Environmental, Social, and Governance (ESG) factors have become a central tenet in many enterprises’ corporate strategy. While companies track and measure how certain investments impact their overall ESG ratings or performance, many often fail to effectively take the further step to estimate and then capture how such investments translate to return on investment.  Corporate finance principles to measure return on investment are most easily applied for discrete projects in which the output from such activities is financial information (e.g. profits, cash flows, capital formation, etc.) that can be identified, tracked, and quantified. Core finance principles used to measure ROI struggle to translate the non-financial outputs of ESG investments, to the impact on financial information.

Initial rounds of ESG investment have largely been greeted with undiscerning praise by stockholders and stakeholders alike. However, to ensure appropriate financial discipline and the most efficient allocation of capital, a more analytical framework is necessary to articulate the value proposition of ESG investments and assess if and how such investments have resulted in value creation.

In our first Perspectives Paper on ESG, ESG and Business Valuation, we began to explore how ESG characteristics are, or can be, incorporated into the value measurement process. In this second Perspectives Paper, we analyse the impact of ESG on value creation and explore how such a framework may be incorporated into the capital allocation process and bring much needed financial discipline to ESG investments. In the paper we:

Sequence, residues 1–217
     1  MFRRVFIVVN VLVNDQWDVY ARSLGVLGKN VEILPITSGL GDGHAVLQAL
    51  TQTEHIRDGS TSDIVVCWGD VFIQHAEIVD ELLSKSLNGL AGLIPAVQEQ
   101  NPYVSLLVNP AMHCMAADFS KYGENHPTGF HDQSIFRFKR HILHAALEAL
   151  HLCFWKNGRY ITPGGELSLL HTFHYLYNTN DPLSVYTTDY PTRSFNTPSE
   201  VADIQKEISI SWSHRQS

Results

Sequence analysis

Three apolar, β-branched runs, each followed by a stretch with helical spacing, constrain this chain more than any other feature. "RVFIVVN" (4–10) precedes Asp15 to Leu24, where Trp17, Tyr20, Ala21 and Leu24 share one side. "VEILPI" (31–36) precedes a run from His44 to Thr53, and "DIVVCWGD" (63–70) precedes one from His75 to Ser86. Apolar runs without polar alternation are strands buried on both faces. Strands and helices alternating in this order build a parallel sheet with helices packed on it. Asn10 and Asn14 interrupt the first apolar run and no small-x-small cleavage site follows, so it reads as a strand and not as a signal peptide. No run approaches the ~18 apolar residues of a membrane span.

1. Discuss why earnings-based measures for ESG investments can be difficult to apply;
  2. Examine the close link between ESG investments and intangible asset value creation and/or maintenance, and the resulting implication that ESG returns may be better assessed by reference to intangible asset value creation; and
  3. Leverage such insights to develop an example framework to assess and measure ESG value creation opportunities at the enterprise level. We discuss a framework that refers to both direct and indirect intangible asset creation, including recognition that intangible value creation via ESG investments can be scalable due to the interconnection between assets.

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